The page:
Sweden targets support to most vulnerable in tight spring budget

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Sweden targets support to most vulnerable in tight spring budget
Finance Minister Elisabeth Svantesson announces Sweden's spring budget. Photo: Henrik Montgomery/TT

Sweden's government has announced 720m kronor in targeted support to help economically vulnerable households in an otherwise tight spring budget which made fighting inflation its chief priority.


The budget marked a drastic reduction in additional spending, with just 4 billion kronor (€350m) added to the annual budget, compared to the 31.4 billion in the last spring budget announced by former Social Democrat government in April 2022. 

 "We are facing a tough economic situation," Finance Minister Elisabeth Svantesson said in a press release announcing her government's spending plans. "Many people are battling to get together the money to pay the bills and that's why it is so important for the government to fight inflation and support those who have it the hardest."


To help struggling families, the government is temporarily raising housing benefit for the poorest households by a total of 720m kronor, and is also investing a similar amount in vocational education to get more people back to work. 

But Svantesson argued that current high inflation levels meant it would be irresponsible to cut taxes on labour, something that her Moderate Party said it hoped to do during the election campaign. She said that the government would do this, however, as soon as inflation was under control.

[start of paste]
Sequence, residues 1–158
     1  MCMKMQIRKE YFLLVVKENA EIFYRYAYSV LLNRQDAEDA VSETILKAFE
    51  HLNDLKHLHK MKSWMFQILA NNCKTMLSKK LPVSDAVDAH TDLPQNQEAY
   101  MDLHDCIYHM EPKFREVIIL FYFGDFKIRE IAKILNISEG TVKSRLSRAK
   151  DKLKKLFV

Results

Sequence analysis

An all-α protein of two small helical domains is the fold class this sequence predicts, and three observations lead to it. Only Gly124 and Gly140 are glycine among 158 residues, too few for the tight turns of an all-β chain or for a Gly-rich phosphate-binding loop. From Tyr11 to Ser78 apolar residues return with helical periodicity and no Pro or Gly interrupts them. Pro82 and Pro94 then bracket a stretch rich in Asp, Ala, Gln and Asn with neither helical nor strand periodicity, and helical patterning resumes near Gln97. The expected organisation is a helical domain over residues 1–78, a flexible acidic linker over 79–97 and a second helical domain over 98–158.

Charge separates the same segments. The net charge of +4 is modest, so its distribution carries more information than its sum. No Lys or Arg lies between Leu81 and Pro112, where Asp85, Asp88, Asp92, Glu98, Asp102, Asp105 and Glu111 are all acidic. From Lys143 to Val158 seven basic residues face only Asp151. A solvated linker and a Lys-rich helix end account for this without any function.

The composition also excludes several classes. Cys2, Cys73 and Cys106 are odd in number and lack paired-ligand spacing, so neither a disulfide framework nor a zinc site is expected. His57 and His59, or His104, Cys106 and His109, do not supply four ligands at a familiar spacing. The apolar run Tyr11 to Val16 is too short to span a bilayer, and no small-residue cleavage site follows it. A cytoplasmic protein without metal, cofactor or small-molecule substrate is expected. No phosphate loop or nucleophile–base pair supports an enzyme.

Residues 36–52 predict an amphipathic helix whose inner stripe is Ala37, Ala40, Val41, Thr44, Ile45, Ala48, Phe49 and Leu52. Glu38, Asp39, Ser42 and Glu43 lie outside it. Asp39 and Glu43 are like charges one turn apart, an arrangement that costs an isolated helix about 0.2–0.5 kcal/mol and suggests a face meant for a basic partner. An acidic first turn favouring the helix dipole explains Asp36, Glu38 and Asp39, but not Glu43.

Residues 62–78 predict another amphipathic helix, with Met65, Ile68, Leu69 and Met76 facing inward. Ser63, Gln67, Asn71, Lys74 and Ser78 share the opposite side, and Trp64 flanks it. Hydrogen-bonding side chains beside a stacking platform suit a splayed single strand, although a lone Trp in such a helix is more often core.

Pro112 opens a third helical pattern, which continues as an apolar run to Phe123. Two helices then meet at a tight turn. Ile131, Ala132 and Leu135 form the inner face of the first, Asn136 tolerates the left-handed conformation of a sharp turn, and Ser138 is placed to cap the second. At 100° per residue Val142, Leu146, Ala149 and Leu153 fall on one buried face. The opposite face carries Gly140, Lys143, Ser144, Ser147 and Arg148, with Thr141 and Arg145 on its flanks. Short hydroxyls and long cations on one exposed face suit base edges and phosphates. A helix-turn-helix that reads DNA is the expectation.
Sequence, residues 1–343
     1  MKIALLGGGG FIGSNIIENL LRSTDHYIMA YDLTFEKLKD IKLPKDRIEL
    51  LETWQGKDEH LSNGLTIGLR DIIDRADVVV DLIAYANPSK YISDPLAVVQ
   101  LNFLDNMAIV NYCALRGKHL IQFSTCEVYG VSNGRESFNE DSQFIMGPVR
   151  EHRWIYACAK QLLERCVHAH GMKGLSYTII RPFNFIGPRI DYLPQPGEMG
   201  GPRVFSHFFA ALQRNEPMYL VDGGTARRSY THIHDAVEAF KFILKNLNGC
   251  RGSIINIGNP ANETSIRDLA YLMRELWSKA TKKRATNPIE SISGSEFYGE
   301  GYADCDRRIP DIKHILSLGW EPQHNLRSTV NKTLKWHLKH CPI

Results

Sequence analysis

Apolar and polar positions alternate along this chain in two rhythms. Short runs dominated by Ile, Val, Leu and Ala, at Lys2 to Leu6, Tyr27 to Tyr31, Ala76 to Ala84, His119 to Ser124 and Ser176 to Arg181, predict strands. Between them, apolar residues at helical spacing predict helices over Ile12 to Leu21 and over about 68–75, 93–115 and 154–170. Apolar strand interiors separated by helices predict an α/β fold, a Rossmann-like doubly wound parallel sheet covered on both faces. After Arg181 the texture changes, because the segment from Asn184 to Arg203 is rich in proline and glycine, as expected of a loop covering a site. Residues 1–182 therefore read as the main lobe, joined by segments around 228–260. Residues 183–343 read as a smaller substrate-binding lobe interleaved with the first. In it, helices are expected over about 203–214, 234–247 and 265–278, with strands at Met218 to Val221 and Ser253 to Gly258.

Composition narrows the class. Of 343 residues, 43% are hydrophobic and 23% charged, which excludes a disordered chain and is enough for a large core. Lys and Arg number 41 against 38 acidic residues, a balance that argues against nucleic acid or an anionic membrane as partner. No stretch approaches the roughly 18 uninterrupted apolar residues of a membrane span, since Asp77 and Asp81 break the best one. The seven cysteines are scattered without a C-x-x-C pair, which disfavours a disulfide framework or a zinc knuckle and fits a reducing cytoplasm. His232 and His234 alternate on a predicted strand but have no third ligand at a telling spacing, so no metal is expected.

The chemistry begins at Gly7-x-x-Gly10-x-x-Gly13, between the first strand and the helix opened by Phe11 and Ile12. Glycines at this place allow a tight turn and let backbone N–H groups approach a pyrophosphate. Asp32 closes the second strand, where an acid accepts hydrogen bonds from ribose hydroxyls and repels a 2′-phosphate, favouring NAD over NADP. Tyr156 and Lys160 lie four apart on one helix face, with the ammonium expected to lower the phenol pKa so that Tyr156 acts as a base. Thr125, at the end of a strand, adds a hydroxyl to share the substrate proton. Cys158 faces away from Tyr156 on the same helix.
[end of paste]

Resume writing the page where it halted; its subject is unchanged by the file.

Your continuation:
For the same reason, Sweden's municipalities and regions, which are facing heavy losses this year due to sharply rising costs, will have to wait until the autumn to find out if the government will increase their funding, she said. 

The municipalities and regions say they expect a deficit of as much as 24 billion kronor next year and have called for additional support. 

"Many municipalities and regions are struggling right now. It's a tough time," Svantesson said. "We are following developments carefully and realise that they are going to need more. I'm pretty sure about that." 

The spring budget also brought in 660m kronor in increased funding for the armed forces, 300m kronor more for prison and probation, and 100m kronor to provide Svenska För Invandrare (SFI) lessons to Ukrainian refugees living in Sweden. 

Sweden's SFI system provides free language lessons for immigrants to the country, but has so far not been offered to Ukrainians who came to Sweden in 2022 under the EU's Temporary Protection Directive, as they were not expected to remain in the country for the long-term. 

In its forecast underpinning the budget, Sweden's finance ministry warned that Sweden was going into an economic slump that would last for at least three years, with the government now expecting a one percent fall in GDP in 2023 and inflation over the year as a whole at 8.8 percent. 


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